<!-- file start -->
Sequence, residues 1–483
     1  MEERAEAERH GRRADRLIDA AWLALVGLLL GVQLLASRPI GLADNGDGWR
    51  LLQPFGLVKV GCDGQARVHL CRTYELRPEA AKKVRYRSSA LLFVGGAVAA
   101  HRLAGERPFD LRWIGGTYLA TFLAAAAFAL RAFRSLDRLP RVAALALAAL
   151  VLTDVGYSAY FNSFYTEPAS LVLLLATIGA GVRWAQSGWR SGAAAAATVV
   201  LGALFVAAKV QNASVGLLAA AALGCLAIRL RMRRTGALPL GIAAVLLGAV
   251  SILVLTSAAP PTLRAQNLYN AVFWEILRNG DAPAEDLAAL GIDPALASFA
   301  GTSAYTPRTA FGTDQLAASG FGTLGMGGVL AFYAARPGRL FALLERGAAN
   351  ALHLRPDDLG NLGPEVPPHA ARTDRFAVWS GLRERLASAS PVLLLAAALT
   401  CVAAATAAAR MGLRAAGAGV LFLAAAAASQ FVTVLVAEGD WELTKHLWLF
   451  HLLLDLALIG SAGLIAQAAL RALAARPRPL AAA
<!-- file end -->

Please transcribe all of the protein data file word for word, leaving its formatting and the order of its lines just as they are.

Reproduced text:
Sequence, residues 1–483
     1  MEERAEAERH GRRADRLIDA AWLALVGLLL GVQLLASRPI GLADNGDGWR
    51  LLQPFGLVKV GCDGQARVHL CRTYELRPEA AKKVRYRSSA LLFVGGAVAA
   101  HRLAGERPFD LRWIGGTYLA TFLAAAAFAL RAFRSLDRLP RVAALALAAL
   151  VLTDVGYSAY FNSFYTEPAS LVLLLATIGA GVRWAQSGWR SGAAAAATVV
   201  LGALFVAAKV QNASVGLLAA AALGCLAIRL RMRRTGALPL GIAAVLLGAV
   251  SILVLTSAAP PTLRAQNLYN AVFWEILRNG DAPAEDLAAL GIDPALASFA
   301  GTSAYTPRTA FGTDQLAASG FGTLGMGGVL AFYAARPGRL FALLERGAAN
   351  ALHLRPDDLG NLGPEVPPHA ARTDRFAVWS GLRERLASAS PVLLLAAALT
   401  CVAAATAAAR MGLRAAGAGV LFLAAAAASQ FVTVLVAEGD WELTKHLWLF
   451  HLLLDLALIG SAGLIAQAAL RALAARPRPL AAA